Bright Solutions
for Dyslexia
0June 2024

Susan Barton

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Superpower: Dyslexia

Illiteracy And Crime

Don’t Wait

Summer Tutoring Works

A Father’s Plea




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Congratulations to dyslexic runner, Adelle Tracey for earning a spot at the 2024 Summer Olympics in Paris.


Superpower: Dyslexia


Why architecture is starting to recognise dyslexia as an enhanced ability rather than a learning difficulty

By Helen Castle
The RJBA Journal

Dyslexia has been revealed to enhance people’s ability to discover, invent, and create. It has even been described as a superpower. Helen Castle talks to those working with dyslexia.

Dyslexia is most often diagnosed when people encounter learning difficulties at school, largely with reading and writing. However, this perception of dyslexia as a neurological disorder defined by its deficiencies is shifting.

Recent research by Helen Taylor at the University of Cambridge has shown that in an evolutionary context, it is a vital tool essential to human adaptive success. People with dyslexia are better at exploring the unknown—and have ‘enhanced abilities’ when it comes to discovery, invention, and creativity.

Areas of enhanced ability described by Taylor include a greater capacity to reason in multiple dimensions, as well as to detect and investigate complex systems, including the identification of patterns and analogies.

People with dyslexia also often demonstrate heightened creativity—visualising, connecting, and delivering unusual combinations of ideas and innovative thinking.

This explains why people with dyslexia are drawn to professions such as architecture, engineering, and entrepreneurism, says Taylor.

No accurate data exists for the percentage of architects affected by dyslexia, although anecdotal evidence indicates that it is higher than the 10% in the general population.

Awareness of dyslexia within the profession is strong, with high profile architects such as Richard Rogers having acted as important role models.

Click here to read the entire article.


Illiteracy And Crime


Bright Solutions for Dyslexia is pleased to announce that, under the First Step Act, the U.S. Department of Justice, Federal Bureau of Prisons (BOP), has adopted the Barton Reading & Spelling System as its reading intervention program across all 122 institutions nationwide.

Research indicates a strong connection between illiteracy and criminal behavior. The U.S. Department of Justice states, “The link between academic failure and delinquency, violence, and crime is welded to reading failure.”

According to the National Adult Literacy Survey, 70% of the U.S. prison population cannot read above a fourth-grade level, “meaning they lack the reading skills required to navigate many everyday tasks or hold down anything but lower (paying) jobs.”

As of November 4, 2023, 29% of the designated adults in custody were enrolled in one or more education/recreation programs. The BOP’s Office of Research has found that participation in education programs leads to a 16% reduction in recidivism.

Data also supports the following:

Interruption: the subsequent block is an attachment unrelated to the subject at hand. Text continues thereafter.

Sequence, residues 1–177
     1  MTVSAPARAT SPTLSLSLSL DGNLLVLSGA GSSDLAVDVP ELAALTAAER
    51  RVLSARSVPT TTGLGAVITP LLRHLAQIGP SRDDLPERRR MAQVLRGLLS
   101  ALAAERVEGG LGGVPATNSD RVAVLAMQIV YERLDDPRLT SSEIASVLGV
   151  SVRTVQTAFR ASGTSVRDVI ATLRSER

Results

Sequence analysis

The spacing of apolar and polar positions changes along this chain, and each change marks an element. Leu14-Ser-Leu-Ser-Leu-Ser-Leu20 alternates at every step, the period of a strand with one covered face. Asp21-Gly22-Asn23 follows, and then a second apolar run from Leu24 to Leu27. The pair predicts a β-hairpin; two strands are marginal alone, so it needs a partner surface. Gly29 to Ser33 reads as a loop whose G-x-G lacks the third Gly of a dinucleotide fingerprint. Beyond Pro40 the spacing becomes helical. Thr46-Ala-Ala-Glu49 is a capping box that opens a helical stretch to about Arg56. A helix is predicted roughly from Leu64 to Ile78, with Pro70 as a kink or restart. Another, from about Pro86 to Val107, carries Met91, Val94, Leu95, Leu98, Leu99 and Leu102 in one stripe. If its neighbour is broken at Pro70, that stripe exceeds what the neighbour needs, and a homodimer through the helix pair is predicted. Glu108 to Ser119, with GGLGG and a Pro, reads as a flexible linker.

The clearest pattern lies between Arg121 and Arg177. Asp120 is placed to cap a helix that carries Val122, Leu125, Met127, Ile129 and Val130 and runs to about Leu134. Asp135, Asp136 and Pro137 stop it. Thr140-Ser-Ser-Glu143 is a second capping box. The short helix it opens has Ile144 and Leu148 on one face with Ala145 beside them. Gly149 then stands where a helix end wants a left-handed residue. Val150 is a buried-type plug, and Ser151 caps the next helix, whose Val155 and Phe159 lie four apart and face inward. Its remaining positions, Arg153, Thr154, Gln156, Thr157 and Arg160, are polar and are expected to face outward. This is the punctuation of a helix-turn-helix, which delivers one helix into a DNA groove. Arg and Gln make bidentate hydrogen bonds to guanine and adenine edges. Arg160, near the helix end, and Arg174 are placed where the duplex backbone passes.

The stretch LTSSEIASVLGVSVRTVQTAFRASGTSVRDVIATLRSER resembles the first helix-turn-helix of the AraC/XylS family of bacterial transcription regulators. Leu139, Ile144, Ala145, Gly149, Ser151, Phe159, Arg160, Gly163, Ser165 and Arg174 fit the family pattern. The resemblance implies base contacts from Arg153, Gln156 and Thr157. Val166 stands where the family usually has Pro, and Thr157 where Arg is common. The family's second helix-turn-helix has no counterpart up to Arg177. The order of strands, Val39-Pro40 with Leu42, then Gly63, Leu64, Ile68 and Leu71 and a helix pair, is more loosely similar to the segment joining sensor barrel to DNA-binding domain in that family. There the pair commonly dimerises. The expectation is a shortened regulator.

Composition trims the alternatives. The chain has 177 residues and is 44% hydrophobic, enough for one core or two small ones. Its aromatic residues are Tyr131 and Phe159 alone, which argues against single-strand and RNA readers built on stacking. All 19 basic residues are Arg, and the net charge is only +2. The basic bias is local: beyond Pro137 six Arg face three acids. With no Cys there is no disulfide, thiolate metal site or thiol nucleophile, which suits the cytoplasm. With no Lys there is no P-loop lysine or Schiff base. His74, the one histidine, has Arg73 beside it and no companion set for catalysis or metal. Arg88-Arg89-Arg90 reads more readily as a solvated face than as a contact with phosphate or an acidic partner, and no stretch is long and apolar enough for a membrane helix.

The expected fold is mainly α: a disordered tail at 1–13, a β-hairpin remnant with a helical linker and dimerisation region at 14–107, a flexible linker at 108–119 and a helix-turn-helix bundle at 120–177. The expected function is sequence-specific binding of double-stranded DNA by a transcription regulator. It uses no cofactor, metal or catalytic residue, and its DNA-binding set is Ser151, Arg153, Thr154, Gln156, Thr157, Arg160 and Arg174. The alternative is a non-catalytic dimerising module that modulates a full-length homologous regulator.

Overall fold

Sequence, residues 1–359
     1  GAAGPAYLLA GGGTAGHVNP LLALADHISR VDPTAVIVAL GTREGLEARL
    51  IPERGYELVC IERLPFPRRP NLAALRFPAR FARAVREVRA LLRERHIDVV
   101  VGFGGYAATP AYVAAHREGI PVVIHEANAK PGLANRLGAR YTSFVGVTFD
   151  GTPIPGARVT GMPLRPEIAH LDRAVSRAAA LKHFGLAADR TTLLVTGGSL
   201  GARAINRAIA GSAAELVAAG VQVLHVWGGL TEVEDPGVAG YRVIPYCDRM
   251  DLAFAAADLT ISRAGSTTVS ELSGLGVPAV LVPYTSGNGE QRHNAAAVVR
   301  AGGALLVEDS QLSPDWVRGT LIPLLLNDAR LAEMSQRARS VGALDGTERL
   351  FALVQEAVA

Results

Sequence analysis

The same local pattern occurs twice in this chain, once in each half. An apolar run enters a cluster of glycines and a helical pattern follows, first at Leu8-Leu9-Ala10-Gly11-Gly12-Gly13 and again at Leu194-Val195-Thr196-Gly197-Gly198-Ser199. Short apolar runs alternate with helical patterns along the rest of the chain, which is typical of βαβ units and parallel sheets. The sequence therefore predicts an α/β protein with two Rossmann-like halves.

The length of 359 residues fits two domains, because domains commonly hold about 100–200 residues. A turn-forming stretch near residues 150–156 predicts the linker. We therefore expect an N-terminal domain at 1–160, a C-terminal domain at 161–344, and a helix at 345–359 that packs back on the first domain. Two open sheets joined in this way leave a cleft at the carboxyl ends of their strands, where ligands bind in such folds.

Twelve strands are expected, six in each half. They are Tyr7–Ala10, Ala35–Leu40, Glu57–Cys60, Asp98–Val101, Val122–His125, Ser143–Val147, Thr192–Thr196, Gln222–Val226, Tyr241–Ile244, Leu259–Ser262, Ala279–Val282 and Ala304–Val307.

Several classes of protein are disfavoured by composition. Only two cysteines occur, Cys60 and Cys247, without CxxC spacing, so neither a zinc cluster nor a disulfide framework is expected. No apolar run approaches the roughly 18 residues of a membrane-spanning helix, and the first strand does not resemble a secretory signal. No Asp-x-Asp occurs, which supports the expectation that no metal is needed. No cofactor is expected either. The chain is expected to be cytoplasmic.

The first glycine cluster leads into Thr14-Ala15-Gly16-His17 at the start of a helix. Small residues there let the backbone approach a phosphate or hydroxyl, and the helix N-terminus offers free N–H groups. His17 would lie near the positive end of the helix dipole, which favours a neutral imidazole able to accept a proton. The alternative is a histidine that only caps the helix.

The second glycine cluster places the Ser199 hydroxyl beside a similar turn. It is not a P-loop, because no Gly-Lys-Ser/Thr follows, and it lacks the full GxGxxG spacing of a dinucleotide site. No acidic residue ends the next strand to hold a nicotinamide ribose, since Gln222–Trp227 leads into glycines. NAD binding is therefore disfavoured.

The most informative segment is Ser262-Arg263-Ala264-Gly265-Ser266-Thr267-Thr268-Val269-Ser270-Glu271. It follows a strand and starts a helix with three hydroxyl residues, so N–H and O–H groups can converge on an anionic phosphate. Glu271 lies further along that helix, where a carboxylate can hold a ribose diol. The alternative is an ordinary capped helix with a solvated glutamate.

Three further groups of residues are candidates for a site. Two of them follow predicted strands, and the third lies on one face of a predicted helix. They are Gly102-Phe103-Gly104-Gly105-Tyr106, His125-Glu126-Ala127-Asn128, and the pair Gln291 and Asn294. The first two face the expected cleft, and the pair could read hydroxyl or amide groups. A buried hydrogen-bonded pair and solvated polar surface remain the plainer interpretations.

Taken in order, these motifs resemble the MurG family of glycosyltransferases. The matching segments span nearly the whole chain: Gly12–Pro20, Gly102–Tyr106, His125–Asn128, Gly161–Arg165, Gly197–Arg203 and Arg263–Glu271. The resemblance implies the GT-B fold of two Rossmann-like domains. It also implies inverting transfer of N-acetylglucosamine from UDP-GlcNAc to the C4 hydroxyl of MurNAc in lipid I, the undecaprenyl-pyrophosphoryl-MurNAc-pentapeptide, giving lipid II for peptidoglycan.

The First Step Act created a system where some incarcerated individuals can earn time credits for participating in recidivism reduction programming or productive activities.

The Barton Reading & Spelling System is approved under the First Step Act.



Don’t Wait


If your child is struggling in school and has 3 or more of the warning signs of dyslexia, there's a good chance your child has dyslexia.

If it is dyslexia, don’t wait. Seek help right away.

Waiting to see if your child will grow out of it is the worst thing you can do.

To see what experts say about the importance of early intervention, click here.



Summer Tutoring Works


Summer Tutoring Works
By Susan Barton

Don’t waste the summer. Instead, tutor every day and your student will make amazing progress, as this parent shared:

When our son finished second grade, the school evaluated his reading level. It was 1.9, which meant he was a full year behind.

After only 2 months of tutoring him myself over the summer every day using the Barton Reading & Spelling System, he has improved greatly.

The school tested him at the beginning of this year, third grade, and his reading is now 3.2 to 5.0.

His self-confidence is so much better than it was a year ago. He will even read out loud in Sunday school in front of his friends.

Recently, there was a story about a dyslexic boy in their lesson. Our son raised his hand and shared that he has dyslexia, too.

Jonah explained that he was born with it, and that he can read just as well as any of them, it just sometimes takes him a little longer.

Bless you for what you have done for our son.

Eileen Carter
Gainesville, FL

To listen to or share this story, click here.



A Father’s Plea


An emotional father pleads with the school district for help.

In honor of Father's Day, I'm sharing this heart-breaking testimony. Watch as this father begs for support for his dyslexic daughter from the Santa Barbara Unified School District (in California).

Listen as he describes how the lack of awareness about dyslexia has impacted his daughter and their entire family.












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